Now that I have a sidecar on my big V-Twin, I have to do most maintenance and repairs myself. The latest job was replacing the standard Vance & Hines Big Shots Long baffles with V&H Quiet Baffles© P/N 21869.
First thing to do is remove the end caps by removing the hex head screws located on the interior side of the heat shields. Once the screw is remove, the end cap simply pulls out. Mine were a little difficult to get out but with the help of a flat, rubber jar opener I was able to pull them off without damage.
Next, I removed the heat shields by first removing the three hose clamps that hold the shields to the pipes. I wound up bending the clamps to the point that I had to buy some new ones. Fortunately they are just regular hose clamps found at any auto parts store. (The clamps I purchased were a little longer than the ones I replaced – which actually made the re-install quicker.)
The end of the heat shields surround the pipe so you have to twist the shield away from the engine and then slide it back approximately one foot before removing it. I found it easier to do once I removed the rider and passenger floorboards. Without a sidecar, you may not need to do so.
Next, I removed the baffles by first removing the retaining screw on the inside of the pipes.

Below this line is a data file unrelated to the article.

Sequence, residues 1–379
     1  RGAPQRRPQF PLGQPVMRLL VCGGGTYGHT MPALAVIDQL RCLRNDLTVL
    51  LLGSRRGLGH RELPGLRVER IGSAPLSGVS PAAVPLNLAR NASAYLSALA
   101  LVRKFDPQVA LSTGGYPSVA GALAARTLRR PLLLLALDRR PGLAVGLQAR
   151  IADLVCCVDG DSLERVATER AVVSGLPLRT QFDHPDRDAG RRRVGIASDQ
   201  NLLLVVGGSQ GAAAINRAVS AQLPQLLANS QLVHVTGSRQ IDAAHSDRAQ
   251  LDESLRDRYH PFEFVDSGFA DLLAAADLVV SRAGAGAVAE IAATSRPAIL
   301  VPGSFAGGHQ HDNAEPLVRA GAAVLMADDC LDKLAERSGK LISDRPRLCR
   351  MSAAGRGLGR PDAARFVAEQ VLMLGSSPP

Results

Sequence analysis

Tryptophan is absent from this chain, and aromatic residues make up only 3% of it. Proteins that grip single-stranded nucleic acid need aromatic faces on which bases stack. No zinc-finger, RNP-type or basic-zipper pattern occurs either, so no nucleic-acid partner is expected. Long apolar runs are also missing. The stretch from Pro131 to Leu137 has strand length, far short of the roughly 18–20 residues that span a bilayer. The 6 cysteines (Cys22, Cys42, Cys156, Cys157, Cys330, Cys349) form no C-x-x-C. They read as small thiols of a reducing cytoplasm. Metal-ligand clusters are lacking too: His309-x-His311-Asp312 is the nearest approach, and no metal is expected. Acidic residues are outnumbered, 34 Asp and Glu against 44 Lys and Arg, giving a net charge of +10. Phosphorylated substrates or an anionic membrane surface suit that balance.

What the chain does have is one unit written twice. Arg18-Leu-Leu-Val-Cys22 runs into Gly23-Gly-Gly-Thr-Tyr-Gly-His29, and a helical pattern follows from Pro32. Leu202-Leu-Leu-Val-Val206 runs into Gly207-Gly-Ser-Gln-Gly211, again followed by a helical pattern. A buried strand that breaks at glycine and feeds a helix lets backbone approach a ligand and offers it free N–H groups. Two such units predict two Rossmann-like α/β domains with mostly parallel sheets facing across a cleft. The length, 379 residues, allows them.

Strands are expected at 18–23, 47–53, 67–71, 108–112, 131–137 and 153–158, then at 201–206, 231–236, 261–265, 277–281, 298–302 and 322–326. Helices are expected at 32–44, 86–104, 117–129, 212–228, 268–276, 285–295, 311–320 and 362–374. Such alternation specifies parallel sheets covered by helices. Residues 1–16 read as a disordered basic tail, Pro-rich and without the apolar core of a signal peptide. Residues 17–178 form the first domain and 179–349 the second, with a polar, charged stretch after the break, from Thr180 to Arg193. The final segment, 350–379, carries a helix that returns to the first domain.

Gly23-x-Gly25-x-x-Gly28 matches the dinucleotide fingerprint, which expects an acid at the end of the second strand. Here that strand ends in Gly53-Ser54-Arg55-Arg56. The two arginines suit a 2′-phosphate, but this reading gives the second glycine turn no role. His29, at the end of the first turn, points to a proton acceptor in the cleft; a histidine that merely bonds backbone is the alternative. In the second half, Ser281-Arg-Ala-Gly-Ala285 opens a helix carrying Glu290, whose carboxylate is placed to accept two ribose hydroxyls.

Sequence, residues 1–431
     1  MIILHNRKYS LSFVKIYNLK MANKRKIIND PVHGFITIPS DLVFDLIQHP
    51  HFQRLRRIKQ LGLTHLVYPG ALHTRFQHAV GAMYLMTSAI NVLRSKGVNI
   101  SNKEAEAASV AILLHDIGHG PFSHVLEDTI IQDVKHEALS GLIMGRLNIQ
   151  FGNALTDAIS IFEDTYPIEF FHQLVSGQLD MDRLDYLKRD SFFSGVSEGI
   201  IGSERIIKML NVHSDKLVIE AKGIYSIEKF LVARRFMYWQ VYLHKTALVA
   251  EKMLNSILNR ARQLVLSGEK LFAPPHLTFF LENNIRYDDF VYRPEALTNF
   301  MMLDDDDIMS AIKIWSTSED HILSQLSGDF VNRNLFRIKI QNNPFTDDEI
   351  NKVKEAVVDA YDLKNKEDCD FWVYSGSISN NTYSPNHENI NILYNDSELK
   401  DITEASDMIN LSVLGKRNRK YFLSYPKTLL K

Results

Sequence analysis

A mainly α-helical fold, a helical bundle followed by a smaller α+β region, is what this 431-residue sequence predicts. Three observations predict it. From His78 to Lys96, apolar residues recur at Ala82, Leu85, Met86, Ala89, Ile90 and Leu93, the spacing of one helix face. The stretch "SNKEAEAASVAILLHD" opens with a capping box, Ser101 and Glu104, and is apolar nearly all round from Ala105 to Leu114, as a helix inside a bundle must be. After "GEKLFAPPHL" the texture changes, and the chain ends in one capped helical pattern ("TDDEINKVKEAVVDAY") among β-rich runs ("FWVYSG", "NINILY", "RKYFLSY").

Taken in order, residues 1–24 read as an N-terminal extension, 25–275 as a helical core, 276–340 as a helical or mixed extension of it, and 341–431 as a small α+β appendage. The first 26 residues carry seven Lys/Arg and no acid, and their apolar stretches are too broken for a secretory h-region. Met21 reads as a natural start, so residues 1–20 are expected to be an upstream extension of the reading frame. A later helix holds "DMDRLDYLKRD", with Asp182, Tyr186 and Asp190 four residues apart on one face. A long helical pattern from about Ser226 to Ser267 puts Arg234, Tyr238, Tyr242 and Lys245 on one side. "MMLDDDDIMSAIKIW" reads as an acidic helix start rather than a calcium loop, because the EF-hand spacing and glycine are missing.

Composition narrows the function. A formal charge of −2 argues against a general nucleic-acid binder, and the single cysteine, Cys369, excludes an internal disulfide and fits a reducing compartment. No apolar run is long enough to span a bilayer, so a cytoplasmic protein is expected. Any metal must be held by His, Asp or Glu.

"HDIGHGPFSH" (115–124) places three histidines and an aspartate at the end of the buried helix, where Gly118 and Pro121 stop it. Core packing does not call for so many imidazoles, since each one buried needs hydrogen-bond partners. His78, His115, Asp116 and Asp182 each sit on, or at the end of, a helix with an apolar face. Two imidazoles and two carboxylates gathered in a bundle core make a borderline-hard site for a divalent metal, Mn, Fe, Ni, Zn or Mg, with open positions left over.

I then used a pair of long, needle nose pliers to grab a fin on the baffle and pulled it out of the pipe. Mine were stuck so I used a rubber mallet to whack the pipe a few times and with a little twist, the baffle slipped right out.
Before installing the new baffles, I wound some thin wire around the end of fiberglass cloth to prevent it from bunching. Then I installed the baffle making sure to line up the holes in the baffle and pipe and replaced the retaining screws.
I re-installed the heat shields and end caps…and that was it! When I started it, I felt a little more back pressure, so I took it by the shop the next morning. My bike didn’t need a re-tune, but be sure to have that checked out when you change your baffles.
The Quiet Baffles deepened the tone of my exhaust and reduced the volume at idle. But they did not significantly reduce the volume once I rolled on the throttle.